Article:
Seeking Evidence for Finch and Crimmins’s Hypothesis of Inflammatory Exposure: The Effect of Canton of Birth on Costa Rican Elderly’s Health.
Gilbert Brenes, University of Wisconsin at Madison and Central American Center for Population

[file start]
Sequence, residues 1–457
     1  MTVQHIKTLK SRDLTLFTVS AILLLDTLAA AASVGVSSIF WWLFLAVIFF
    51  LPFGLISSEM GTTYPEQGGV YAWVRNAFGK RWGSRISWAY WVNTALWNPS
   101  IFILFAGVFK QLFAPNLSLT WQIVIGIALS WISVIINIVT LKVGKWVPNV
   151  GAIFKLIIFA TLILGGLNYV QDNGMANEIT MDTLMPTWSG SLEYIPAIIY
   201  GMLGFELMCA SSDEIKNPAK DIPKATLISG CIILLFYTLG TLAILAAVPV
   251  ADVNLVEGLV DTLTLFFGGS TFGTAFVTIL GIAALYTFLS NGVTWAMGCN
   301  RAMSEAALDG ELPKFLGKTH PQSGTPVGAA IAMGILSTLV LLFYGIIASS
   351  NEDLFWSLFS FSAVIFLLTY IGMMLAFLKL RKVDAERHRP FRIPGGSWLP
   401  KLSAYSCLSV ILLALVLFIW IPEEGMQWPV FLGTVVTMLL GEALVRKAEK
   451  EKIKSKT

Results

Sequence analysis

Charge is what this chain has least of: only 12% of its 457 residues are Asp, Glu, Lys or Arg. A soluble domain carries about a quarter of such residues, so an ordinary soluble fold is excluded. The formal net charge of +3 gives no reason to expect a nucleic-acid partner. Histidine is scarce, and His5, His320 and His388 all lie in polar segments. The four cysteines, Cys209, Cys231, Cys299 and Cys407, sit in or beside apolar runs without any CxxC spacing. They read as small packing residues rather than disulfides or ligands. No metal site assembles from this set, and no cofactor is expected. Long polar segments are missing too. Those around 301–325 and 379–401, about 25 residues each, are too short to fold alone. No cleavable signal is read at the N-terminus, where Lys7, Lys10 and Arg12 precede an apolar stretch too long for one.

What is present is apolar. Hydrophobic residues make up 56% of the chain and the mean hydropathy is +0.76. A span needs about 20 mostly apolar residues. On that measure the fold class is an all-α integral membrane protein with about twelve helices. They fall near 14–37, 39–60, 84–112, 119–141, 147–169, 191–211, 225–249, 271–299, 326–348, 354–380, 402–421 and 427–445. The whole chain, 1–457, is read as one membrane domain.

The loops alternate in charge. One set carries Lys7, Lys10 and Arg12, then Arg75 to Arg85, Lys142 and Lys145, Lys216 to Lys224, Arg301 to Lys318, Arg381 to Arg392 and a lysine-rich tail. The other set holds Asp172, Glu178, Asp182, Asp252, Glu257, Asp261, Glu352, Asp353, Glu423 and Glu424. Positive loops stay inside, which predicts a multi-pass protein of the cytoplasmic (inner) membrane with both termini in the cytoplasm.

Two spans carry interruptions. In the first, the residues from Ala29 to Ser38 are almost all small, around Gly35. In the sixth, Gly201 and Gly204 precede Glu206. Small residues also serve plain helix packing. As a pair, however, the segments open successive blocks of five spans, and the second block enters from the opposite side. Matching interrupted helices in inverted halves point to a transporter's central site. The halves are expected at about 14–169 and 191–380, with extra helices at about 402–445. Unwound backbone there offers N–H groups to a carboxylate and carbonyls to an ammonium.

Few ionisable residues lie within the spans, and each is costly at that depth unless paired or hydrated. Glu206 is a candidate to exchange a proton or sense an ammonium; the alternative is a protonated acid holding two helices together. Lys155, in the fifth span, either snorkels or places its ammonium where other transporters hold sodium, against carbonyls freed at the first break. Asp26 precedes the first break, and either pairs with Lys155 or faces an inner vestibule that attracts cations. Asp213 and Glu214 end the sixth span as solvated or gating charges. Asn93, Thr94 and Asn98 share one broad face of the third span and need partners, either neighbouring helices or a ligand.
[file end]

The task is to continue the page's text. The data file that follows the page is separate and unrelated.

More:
In order to explain the secular decline in mortality due to cardiovascular illnesses, Finch and Crimmins (2004) propose that exposure to infectious diseases early in life increases the risk of chronic inflammation through the life course. This paper seeks evidence for this hypothesis with data from a Costa Rican aging study, called CRELES. This country is ideal for studying the hypothesis because it has recently achieved very high life expectancy, but its current elderly population experienced a highly infectious environment early in life. The hypothesis is tested by studying the association of a highly infectious environment early in life with prevalence of chronic conditions, mortality, and biomarkers linked to inflammation. We find no conclusive evidence for Finch and Crimmins’ hypothesis, because the measure for early inflammatory exposure is only associated with diabetes biomarker and hypertension. Results seem to provide evidence for Barker’s hypothesis of early life programming of chronic diseases.